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Cathedral Buttress
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The Snaz 

YDS: 5.10a French: 6a Ewbanks: 18 UIAA: VI+ ZA: 18 British: E1 5a

   
Type:  Trad, Alpine, Grade IV
Consensus:  YDS: 5.10a French: 6a Ewbanks: 18 UIAA: VI+ ZA: 18 British: E1 5a [details]
FA: Yvon Chouinard, Mort Hempel, 1964
Season: Late May-Early September.
Page Views: 11,096
Submitted By: Nick Stayner on Mar 6, 2006

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Cruxing on the Snazette.
Photo: Nathan Furman.

Description 

A Teton classic. Classic crack climbing with lots of variety. The technical crux is a roof pull on pitch 4, while the physical lies in the consistent flake and wide crack movement of pitch 3. There are some notable variations: at the belay for pitch 3, move left for a 5.10 finger crack. At the top of pitch six, you can move 100' right for two more 5.9 pitches, Cousin Leroy. At the top of pitch 7, climb a three-tiered roof at 10+ instead of the .7 chimney. Also very good.

Location 

See the Cathedral Buttress overview for approach. If you're planning on rapping, the last reliable fixed anchor is atop pitch six. There is some tat at the top of pitch 8 that could get you down to the pitch 6 anchors, but at this point it's best to continue to the downclimb.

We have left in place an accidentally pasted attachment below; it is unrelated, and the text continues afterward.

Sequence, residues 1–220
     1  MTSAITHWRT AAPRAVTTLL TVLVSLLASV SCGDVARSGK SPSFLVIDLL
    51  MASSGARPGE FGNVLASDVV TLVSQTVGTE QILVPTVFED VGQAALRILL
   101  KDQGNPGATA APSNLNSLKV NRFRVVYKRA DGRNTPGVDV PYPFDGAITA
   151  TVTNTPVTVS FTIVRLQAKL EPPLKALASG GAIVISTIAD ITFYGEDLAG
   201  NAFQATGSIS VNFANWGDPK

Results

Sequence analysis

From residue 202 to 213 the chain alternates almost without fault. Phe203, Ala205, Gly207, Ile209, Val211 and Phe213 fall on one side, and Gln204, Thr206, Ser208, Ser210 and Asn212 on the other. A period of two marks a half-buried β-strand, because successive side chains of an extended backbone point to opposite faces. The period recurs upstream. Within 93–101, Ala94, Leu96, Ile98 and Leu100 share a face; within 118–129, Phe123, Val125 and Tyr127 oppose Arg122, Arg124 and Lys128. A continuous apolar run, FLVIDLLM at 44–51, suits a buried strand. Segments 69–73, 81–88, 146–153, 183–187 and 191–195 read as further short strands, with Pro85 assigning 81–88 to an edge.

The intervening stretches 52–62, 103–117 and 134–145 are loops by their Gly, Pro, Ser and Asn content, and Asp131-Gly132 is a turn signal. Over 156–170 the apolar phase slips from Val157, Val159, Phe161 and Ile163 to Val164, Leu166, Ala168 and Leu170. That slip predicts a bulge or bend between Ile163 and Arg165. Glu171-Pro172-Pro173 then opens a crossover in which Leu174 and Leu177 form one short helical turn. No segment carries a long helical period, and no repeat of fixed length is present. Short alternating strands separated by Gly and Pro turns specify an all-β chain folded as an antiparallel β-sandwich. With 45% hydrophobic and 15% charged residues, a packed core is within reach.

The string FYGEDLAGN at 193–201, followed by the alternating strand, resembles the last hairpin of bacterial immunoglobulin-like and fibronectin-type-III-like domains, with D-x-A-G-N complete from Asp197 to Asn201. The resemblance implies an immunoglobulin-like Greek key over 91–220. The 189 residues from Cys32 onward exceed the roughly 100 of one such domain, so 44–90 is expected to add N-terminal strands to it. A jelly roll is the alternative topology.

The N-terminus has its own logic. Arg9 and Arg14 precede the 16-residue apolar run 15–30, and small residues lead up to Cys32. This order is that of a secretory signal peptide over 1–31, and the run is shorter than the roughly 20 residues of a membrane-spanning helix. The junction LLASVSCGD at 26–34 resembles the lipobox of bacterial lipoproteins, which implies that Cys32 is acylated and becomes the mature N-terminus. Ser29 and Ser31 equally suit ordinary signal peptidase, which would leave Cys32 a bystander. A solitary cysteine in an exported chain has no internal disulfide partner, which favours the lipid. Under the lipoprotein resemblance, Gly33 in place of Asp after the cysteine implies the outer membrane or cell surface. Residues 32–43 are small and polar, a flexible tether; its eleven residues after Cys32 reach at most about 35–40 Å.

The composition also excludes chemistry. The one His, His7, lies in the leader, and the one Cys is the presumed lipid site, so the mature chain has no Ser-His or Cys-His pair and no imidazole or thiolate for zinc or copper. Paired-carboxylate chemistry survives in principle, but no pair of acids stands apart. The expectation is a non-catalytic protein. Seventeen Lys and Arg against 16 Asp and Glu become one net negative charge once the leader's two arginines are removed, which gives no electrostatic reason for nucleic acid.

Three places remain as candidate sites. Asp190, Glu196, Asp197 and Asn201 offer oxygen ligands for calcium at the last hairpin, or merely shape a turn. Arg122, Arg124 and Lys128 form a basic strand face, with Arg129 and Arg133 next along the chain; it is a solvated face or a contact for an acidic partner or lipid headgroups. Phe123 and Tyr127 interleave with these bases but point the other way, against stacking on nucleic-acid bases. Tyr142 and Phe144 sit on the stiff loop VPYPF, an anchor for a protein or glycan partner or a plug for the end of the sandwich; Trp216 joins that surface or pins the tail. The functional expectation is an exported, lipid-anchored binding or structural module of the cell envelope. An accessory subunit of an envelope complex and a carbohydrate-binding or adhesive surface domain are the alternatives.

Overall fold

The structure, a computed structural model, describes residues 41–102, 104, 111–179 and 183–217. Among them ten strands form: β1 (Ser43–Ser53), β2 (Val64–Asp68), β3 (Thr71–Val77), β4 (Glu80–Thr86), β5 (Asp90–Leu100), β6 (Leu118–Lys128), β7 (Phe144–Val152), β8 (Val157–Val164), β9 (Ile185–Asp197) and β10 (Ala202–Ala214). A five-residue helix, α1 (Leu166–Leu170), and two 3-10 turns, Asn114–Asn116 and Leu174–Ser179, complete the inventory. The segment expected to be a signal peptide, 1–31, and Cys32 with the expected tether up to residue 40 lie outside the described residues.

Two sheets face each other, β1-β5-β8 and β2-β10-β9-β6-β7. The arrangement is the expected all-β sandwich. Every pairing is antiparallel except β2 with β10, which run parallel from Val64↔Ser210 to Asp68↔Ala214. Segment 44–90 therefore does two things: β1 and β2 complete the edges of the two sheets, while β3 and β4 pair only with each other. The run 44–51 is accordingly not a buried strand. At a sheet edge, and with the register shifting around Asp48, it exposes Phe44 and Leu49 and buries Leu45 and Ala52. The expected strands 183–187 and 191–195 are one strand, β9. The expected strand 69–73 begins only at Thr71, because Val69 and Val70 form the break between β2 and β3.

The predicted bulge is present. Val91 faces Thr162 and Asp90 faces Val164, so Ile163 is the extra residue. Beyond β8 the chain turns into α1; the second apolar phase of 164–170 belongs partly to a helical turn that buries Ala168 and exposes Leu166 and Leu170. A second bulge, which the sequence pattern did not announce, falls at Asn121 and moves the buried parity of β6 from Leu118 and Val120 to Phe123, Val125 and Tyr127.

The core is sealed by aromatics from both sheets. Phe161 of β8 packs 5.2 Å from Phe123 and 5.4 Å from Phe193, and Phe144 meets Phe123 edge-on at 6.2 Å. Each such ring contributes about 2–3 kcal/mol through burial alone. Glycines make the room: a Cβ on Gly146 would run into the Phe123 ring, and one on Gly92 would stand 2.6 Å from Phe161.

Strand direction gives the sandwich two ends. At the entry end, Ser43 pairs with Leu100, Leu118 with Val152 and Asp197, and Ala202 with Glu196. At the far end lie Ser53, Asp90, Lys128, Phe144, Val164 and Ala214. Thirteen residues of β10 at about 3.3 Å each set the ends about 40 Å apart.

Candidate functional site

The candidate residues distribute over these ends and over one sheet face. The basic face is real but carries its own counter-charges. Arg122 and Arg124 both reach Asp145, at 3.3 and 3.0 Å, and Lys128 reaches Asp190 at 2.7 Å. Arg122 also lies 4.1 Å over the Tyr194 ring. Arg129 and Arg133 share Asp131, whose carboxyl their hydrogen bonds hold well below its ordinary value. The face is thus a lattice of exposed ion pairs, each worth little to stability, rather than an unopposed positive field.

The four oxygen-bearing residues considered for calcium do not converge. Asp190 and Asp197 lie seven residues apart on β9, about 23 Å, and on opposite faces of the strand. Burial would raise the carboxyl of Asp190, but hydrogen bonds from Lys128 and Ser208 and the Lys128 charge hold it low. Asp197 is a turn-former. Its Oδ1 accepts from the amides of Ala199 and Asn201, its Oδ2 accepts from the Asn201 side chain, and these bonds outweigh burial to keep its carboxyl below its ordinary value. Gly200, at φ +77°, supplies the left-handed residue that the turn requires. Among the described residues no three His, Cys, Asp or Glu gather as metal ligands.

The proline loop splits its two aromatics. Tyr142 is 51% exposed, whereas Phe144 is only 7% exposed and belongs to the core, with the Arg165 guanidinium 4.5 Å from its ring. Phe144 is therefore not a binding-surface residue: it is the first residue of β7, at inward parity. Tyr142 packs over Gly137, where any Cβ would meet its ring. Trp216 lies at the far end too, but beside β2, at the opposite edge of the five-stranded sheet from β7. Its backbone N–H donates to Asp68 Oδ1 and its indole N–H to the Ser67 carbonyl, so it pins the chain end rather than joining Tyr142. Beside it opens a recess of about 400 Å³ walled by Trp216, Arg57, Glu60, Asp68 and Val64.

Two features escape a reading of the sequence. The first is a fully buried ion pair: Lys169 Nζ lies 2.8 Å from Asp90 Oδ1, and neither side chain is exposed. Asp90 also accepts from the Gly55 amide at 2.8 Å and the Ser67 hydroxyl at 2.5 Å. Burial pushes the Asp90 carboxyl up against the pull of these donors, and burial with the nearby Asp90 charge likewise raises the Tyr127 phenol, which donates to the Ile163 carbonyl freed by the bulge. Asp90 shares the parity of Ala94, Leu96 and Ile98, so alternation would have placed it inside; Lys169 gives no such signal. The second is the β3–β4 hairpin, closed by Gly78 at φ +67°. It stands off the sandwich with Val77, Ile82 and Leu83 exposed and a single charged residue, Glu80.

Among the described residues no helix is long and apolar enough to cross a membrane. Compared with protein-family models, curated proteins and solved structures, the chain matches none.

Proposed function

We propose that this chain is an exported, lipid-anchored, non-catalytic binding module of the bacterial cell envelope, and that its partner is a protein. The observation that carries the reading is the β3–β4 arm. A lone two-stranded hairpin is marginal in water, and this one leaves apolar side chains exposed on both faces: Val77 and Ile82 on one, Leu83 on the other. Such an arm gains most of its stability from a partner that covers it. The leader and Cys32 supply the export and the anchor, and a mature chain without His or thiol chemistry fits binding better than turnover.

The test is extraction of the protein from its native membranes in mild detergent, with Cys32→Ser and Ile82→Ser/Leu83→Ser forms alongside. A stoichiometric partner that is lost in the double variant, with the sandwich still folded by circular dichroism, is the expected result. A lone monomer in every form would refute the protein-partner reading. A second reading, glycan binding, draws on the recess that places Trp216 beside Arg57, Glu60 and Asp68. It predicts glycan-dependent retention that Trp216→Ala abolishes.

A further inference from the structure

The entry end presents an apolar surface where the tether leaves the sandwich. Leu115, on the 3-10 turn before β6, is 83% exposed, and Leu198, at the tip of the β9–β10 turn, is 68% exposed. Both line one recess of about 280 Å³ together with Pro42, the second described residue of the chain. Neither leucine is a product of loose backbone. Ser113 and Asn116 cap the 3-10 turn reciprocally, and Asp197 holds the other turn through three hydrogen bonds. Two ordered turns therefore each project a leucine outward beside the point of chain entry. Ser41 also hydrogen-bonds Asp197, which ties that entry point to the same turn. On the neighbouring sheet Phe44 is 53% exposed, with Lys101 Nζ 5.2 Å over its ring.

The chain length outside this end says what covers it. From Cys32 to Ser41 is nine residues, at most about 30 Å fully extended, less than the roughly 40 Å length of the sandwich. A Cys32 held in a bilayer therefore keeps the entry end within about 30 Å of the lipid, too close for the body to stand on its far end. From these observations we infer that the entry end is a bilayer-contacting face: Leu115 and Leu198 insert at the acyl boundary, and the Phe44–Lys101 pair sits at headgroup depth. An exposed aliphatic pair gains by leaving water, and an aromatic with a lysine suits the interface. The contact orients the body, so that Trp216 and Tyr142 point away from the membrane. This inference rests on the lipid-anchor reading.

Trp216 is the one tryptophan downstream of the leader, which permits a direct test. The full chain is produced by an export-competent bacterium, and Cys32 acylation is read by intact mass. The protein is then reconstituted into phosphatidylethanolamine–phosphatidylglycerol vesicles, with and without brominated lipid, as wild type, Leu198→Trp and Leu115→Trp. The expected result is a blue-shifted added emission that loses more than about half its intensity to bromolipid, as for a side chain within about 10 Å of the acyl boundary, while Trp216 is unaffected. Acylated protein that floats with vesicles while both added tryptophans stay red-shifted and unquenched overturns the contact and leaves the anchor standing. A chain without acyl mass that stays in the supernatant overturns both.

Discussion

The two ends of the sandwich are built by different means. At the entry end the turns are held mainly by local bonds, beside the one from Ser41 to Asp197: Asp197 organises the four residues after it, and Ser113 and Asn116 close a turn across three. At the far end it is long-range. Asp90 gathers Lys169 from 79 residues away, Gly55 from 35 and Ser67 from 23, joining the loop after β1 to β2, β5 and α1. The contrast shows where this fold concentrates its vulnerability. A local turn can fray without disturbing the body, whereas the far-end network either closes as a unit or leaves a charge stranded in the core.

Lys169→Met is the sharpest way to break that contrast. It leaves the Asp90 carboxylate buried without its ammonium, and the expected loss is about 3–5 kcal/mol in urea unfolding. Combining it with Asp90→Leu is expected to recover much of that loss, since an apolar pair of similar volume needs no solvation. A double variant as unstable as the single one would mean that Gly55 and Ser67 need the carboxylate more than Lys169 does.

For detailed downclimb info, check out one of the guides. Basically, you continue up easy 5th class slabs for another 200', trending left. This brings you to a trail and eventually a couloir downclimb.

Protection 

Take a standard Teton rack with extra wide pieces. There are some fixed pins on the route, most notably one at the tech. crux.


Photos of The Snaz Slideshow Add Photo
professional christ on the Snazette variation, a stupendous splitter crack pitch not to be missed
professional christ on the Snazette variation, a s...
The Snazzette
The Snazzette
looking in to the 10a roof on the 4th pitch of The Snaz
looking in to the 10a roof on the 4th pitch of The...
Looking up the dihedrals of The Snaz from the base of the route.
Looking up the dihedrals of The Snaz from the base...
The second pitch of The Snaz.
The second pitch of The Snaz.
The Snaz.
The Snaz.
The Snazzette, as seen from the rappels.
The Snazzette, as seen from the rappels.
The Snaz.
The Snaz.
Arin Trook on The Snaz, 5 Aug 2003
Arin Trook on The Snaz, 5 Aug 2003
the Snaz in yellow, the stupendous Snazette variation in red, the very dangerous flake in white
BETA PHOTO: the Snaz in yellow, the stupendous Snazette variat...
Anna following "The Snazzette", a 5.10 variation on pitch 4.